According to the Three Treatise School, any philosophy or doctrine is not a systematical consummation, but it should be approached with a critical sense of study. Generally, what approached by Mahayana or Hinayana is only an interest in its annotation of the doctrine. What they seek after is to establish a permanent truth. However, in the mind of the Three Treatise School there is no such which can be treated as permanent. In this case, the Three Treatise School criticized not only the traditional Indian philosophy, but the Buddhist orthodox as well. In order to avoid any arbitrary and bias the Three Treatise Sciiool attaches importance to means and method, but not the annotation of the doctrine itself. The Three Treatise School rejects any fixed form of logic for they do not consider that logic has a priori truth of knowledge. Any kind of metaphysics should be also criticized. According to them, either logic or language is nothing but sunyata, emptiness. Either deduction or induction is but man-made which has no permanent value of truth, Therefore, man's mind should not be obstructed by it. Strictly speaking, the Three Treatise School has no unique method of philosophy itself. From the logical point of view, the theoretical method of Three Treatise School adapted usually is the practice of "empty logic". When they come to debate or to criticize the view of others they utilize always the method that is customarily used by their opponents. In the sense of their opinion, any philosophical method has only the pragmatic value. Any theoretical method by which one can remove any kind of attachment from either oneself or others that deserves value of usage. The aim of the debate or criticism of the school is not necessarily to establish any viewpoint of themselves, but to point out and correct the theoretical contradictory of others.
4. Nagarjuna's influence to both the Tian-tai and other schools
Nagarjuna's philosophy has something to do with the founging of the Tian-tai School. According to Fo-zhu-tong-ji (Record of the Lord Buddha), Hui-wen, an eminent scholar monk of Northern Qi Dynasty was enlightened especially by reading 27th chapter of Mahaparjnaparamitasastra: "the tri-knowledge can be achieved actually with a mind and the 4th chapter of Madhyamikasastra: "what is dependent origination that we call sunyata; it is a conception (prajnapti imposed (or appropriated). It alone is the Middle Path." He established the doctrine of "Yi-xin-san-guan" (to review from three aspects with a mind) after having inspired by the above verses. The actual founder of the Tian-tai School is Zhi-yi. The Tian-tai School based its doctrine on Mahaparjnaparamitasastra and its central teaching is theory of "San-ti-yuan-rong" (the integralrelation between kong – emptiness, Jia – conception, and Zhong – middle way) and " Yi-xin-san-guan " (to review from three aspects with a mind) which were evolved and developed from Nagarjuna's philosophy. That's why this school had traced its philosophy back to Nagarjuna and regarded him as the first master of them. This shows how close relation of Nagarjuna and the Tian-tai School.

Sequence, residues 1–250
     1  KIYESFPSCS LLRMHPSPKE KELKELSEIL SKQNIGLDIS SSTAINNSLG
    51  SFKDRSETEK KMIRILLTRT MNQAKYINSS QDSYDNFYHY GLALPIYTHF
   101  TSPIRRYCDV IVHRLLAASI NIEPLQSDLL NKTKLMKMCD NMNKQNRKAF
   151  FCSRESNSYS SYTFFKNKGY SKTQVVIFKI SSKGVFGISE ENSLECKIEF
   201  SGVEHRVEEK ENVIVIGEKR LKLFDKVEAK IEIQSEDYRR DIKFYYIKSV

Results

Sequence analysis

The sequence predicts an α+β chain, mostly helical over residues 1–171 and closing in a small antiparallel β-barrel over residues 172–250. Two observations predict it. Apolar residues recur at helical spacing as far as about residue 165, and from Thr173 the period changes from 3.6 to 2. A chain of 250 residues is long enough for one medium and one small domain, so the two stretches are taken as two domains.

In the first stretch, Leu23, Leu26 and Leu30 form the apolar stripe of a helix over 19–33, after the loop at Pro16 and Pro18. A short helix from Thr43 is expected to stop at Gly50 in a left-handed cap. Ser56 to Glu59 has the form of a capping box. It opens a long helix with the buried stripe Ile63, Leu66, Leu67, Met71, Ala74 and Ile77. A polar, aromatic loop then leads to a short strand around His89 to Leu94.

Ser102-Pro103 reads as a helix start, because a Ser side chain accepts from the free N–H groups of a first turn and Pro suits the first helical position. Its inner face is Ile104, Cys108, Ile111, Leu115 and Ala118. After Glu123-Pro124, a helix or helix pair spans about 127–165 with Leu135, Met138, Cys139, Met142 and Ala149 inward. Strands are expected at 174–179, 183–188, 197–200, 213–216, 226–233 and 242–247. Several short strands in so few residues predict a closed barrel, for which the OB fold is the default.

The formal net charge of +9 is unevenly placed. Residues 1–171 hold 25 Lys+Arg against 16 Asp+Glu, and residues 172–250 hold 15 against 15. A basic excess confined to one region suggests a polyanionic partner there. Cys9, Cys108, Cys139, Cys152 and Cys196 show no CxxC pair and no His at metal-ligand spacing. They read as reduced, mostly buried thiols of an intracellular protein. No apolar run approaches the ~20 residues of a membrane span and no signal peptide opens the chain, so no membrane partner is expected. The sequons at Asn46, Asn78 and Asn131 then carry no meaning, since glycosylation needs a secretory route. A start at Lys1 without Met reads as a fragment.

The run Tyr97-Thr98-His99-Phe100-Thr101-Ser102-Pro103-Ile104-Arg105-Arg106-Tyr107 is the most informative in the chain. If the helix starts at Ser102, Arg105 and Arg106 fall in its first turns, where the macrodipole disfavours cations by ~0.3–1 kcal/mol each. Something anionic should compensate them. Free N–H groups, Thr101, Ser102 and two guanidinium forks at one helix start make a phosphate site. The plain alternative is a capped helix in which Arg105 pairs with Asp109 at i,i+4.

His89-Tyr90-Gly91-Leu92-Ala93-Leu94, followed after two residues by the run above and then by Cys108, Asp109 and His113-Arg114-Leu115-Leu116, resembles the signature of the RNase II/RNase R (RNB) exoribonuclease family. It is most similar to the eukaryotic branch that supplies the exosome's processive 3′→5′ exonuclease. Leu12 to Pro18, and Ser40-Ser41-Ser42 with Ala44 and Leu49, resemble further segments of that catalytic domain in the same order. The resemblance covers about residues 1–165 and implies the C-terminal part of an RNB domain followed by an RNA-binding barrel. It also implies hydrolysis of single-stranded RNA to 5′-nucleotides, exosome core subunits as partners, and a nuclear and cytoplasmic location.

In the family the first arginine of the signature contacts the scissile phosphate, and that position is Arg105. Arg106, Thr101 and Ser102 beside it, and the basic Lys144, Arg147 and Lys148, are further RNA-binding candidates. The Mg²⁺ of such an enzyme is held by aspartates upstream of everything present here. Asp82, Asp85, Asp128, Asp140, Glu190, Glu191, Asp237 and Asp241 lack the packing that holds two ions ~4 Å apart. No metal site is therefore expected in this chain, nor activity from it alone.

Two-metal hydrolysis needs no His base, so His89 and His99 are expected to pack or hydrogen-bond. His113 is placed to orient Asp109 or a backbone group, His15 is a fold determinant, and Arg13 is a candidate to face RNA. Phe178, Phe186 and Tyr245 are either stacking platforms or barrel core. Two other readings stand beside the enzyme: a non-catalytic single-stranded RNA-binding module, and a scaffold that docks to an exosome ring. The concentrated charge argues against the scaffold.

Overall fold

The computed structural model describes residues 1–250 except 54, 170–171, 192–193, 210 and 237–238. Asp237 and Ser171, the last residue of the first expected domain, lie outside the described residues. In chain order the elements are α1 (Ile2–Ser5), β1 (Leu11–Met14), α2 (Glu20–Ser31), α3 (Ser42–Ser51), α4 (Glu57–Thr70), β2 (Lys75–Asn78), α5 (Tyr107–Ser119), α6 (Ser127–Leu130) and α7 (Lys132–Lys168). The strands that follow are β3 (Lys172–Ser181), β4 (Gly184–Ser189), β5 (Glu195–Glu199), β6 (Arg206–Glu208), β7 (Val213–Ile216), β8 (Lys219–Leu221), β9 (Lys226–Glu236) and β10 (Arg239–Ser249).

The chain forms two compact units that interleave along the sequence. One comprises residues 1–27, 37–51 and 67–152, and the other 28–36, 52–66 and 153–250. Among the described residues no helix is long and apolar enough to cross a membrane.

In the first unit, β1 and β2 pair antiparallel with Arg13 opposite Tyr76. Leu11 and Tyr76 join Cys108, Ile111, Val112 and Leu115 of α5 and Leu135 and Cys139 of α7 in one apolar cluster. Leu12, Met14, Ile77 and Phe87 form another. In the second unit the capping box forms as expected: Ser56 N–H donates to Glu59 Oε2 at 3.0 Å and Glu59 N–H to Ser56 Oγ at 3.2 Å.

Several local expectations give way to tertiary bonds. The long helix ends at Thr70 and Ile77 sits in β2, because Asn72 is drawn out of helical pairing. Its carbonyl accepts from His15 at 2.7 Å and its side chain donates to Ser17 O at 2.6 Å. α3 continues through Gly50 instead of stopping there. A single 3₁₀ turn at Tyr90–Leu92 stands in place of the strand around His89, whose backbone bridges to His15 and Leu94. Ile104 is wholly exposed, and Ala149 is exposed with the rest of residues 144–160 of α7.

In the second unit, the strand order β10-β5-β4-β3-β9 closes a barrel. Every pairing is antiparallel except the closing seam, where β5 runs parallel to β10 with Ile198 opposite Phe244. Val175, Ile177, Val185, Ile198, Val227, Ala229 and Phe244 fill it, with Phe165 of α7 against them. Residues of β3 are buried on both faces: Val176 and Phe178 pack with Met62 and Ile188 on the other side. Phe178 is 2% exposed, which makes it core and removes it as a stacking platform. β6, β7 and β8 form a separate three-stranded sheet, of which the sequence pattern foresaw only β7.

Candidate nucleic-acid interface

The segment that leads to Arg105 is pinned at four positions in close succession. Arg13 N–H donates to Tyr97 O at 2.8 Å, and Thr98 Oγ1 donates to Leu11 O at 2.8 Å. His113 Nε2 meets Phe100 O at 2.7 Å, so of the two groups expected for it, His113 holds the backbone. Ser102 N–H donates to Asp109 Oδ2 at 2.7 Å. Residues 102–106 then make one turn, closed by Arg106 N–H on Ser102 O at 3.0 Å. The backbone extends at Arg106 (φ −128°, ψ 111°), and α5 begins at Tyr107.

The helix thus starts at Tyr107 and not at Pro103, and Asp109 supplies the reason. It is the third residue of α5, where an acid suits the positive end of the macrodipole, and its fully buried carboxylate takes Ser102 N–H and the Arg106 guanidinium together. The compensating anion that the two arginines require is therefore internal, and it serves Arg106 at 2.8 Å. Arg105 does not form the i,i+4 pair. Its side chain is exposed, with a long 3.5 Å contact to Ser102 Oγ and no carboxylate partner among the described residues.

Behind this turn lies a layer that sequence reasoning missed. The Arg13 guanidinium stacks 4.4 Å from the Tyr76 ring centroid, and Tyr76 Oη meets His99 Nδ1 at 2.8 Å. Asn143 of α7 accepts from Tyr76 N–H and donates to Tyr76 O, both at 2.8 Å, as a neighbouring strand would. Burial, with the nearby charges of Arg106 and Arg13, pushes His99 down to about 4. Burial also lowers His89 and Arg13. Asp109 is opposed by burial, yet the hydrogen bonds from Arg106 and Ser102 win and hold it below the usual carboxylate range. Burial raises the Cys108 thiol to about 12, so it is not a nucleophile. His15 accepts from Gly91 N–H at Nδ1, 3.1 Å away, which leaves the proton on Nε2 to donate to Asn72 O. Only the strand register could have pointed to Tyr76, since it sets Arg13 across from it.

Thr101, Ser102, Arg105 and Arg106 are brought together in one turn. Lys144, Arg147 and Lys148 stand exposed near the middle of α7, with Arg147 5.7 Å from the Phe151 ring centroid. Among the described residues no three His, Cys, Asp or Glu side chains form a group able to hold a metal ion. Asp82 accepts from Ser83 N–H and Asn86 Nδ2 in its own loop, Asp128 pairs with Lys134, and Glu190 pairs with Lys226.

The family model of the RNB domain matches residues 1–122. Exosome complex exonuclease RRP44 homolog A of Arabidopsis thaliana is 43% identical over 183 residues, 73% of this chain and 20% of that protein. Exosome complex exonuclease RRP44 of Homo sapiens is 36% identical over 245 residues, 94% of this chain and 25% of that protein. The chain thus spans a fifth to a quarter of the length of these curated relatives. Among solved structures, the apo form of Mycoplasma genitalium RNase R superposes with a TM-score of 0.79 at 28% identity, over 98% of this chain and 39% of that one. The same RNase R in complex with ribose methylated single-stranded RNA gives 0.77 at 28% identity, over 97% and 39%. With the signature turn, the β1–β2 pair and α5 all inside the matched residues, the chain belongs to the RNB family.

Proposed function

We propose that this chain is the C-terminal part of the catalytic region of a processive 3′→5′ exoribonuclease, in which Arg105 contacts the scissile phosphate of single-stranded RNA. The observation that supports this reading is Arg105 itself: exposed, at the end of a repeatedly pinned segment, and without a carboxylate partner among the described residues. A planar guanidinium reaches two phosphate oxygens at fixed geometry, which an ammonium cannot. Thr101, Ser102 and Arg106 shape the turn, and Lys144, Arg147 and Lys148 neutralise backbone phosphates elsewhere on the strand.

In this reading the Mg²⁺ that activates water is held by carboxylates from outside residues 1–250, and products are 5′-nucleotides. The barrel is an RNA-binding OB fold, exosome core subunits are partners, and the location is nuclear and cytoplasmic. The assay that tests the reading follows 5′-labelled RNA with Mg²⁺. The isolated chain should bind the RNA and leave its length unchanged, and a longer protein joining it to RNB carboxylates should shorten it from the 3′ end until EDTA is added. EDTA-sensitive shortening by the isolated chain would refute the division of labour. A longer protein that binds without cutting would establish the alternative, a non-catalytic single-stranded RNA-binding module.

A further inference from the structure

According to the Tian-tai School, the world is a flux, things are constantly changing from moment to moment. They are caused and causing to be, they act and are being acted upon, and they come into existence and cease to be. There is no permanent entity or substance, and everything's nature is but sunyata, emptiness (Kong). Things have no substance, but conventional forms, conception and names just like a miracle that is unreal (Jia). All these are constituent in natures that are mutually related without being created that is Middle Path (Zhong). Kong can't be separated from Jia and Zhong, Jia also can't be separated from Kong and Zhong, Zhong too can't be separated from Kong and Jia. The three are integrally related.
Nagarjuna's philosophy avoids the extremes of affirmation and negation. It does riot affirm that there is Substance of Self, nor does it deny them. It attempts to critically review what is and be aware of things as they are. It is the Middle Approach or the Middle Doctrine. It is neither, realism nor idealism, and certainly not nihilism. Nothing has its own being; everything is what it is in relation to other things and nothing has an independent existence. Moreover, nothing is integral entity: things we see and deal with are made up of constituents. Everything is mutually dependent and related. The caused and conditioned nature of all things constitutes their vacuity or emptiness, sunyata.